London, 15 November 2007
In support of the Global Day of Action to protest against the state of emergency in Pakistan, The Equal Rights Trust urged President Musarraf today to order the immediate release of all those arbitrarily arrested and detained, following the introduction of the state of emergency on 3 November 2007, to reinstate dismissed judges, to lift all imposed restrictions on the media and take all other necessary measures to return Pakistan to its constitutional rule.
Once the constitutional order and the rule of law have been restored, Pakistan should particularly ensure that the protection of equality before the law and prohibition against discrimination, guaranteed by Article 25 of the Constitution of the Islamic Republic of Pakistan, are comprehensively and effectively protected. The Equal Rights Trust, an independent international organisation promoting non-discrimination and equality, believes that the only way to achieve political stability in Pakistan and to provide for the security and peaceful development of all people living within its jurisdiction is to effectively respect, protect and promote each individual’s human rights, including the right to equality and non-discrimination.
According to the provisions of Article 25 “all citizens are equal before the law and are entitled to equal protection of the law”. This fundamental right, according to Article 233(1) of the Constitution, cannot be suspended in a state of emergency. Regrettably, these and many other provisions of the Constitution have flagrantly been breached on 3 November 2007, when President Musharraf declared a period of emergency rule and suspended elections scheduled for January 2008.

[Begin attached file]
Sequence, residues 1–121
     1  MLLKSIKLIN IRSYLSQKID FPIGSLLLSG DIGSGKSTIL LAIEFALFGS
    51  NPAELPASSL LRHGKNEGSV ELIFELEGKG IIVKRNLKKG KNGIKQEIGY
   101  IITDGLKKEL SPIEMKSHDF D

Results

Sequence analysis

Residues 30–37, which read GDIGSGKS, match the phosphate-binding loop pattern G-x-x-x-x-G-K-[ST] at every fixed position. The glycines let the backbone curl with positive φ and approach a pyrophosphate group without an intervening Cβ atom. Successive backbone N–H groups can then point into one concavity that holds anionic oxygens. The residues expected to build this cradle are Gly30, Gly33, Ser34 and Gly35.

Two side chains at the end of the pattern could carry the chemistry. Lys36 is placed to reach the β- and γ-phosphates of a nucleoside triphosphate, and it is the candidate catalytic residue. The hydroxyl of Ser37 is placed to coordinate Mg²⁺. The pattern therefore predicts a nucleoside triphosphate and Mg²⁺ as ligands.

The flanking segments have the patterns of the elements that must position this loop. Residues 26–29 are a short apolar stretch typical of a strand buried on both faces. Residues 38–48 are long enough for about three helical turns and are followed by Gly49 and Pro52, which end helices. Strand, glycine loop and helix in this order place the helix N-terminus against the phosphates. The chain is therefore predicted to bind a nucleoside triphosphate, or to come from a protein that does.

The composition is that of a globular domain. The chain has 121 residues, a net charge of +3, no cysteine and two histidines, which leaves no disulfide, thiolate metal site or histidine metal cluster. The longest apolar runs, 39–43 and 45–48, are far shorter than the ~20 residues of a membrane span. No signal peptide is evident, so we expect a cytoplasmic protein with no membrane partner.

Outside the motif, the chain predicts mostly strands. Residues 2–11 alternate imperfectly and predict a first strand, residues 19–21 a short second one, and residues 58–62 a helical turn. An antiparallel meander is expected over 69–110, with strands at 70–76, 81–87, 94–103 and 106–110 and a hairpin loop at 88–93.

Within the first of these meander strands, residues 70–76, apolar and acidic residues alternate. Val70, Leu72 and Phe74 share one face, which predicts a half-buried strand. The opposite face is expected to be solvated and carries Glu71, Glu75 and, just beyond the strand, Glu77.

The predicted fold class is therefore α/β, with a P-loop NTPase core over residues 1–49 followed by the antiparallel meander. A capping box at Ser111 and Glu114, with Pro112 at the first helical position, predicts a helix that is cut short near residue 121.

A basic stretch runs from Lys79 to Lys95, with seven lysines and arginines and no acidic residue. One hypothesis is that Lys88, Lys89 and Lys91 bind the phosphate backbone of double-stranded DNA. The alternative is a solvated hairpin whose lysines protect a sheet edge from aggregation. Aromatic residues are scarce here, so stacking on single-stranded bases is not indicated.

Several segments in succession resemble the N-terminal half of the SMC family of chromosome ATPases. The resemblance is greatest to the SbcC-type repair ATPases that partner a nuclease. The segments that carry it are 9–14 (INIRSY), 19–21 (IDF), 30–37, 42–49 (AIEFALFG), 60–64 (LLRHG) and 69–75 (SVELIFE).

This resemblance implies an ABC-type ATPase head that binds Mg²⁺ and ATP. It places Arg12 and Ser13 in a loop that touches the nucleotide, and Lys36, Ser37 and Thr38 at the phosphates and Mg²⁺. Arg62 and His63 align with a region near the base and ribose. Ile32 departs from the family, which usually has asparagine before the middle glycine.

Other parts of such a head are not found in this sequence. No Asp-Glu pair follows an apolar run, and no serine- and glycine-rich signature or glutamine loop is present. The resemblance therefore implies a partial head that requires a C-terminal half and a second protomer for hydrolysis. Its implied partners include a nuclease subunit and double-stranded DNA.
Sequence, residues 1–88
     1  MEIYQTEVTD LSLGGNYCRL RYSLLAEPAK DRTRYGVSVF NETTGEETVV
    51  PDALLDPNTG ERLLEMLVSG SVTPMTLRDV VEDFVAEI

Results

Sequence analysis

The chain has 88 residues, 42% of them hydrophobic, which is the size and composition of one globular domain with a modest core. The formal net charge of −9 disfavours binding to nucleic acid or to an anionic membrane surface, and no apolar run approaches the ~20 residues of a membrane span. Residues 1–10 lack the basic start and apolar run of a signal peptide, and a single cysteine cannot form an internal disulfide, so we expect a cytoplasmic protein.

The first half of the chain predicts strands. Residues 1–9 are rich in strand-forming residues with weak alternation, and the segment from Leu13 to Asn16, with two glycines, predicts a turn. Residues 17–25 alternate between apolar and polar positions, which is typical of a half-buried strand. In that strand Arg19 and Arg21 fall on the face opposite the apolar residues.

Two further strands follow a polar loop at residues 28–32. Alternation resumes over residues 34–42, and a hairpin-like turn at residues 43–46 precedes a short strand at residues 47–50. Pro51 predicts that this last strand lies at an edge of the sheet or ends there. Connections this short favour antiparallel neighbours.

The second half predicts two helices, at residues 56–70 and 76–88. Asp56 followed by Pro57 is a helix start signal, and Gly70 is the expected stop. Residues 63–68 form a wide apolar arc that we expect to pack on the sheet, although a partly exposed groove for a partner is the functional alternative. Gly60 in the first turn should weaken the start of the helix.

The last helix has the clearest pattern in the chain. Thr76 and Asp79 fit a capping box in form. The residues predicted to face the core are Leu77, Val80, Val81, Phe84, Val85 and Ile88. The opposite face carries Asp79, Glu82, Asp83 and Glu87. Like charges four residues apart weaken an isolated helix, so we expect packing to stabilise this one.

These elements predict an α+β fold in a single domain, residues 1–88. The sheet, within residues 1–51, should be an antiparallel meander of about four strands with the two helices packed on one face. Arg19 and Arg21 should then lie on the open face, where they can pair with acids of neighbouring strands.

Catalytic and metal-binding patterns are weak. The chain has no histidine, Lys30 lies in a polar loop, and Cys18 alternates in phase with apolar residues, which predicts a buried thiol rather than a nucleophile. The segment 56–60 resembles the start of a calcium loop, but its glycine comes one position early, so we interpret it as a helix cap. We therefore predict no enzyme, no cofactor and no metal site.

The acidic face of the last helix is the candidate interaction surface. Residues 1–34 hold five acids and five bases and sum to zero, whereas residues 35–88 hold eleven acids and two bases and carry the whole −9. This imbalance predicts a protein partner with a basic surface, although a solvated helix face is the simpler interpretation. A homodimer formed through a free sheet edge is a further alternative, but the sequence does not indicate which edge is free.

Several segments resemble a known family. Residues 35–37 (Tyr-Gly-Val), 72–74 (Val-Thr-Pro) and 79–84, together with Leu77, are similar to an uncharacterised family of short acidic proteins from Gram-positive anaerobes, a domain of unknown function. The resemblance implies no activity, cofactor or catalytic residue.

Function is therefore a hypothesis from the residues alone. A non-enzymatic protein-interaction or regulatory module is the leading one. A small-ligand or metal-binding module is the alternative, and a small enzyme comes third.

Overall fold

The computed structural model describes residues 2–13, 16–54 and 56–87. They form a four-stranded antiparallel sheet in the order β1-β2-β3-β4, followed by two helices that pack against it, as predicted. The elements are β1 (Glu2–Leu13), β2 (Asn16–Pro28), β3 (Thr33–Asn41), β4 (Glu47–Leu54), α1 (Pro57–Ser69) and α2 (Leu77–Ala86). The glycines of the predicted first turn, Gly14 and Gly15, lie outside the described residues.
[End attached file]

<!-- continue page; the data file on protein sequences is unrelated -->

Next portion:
Following the imposition of emergency rule which bears all the characteristics of martial law, the Chief Justice Iftikhar Mohammad Chaudhry, was dismissed and placed under house arrest. He had been reinstated by the Supreme Court in July 2007 after an earlier removal in March 2007 and the court was about to rule on a number of cases, including the fate of 600 people who have been ‘disappeared’ since 2001, that could have significant implications for President Musharraf’. A large number of prominent lawyers, political and human rights activists and journalists were also placed under house arrest or detained. Subsequently, across Pakistan, the police have violently suppressed peaceful protests by lawyers and opposition activists. Thousands have been arrested. Many of them have reportedly been beaten and taken to unknown locations, some arrested without arrest warrants, some held incommunicado. Some are held in provisional facilities as the existing ones are filled to capacity. While many have been released there have been reports of re arrests.
In yet another measure that was in breach of Pakistan’s constitutional order, on 10 November 2007, the Army Act has been amended by a Presidential decree allowing for civilians to be tried by military courts. The amendment takes effect retroactively to January 2003 and could be used to absolve the military of any responsibility for serious human rights abuses that are taking place today in Pakistan as well as those perpetrated in recent years.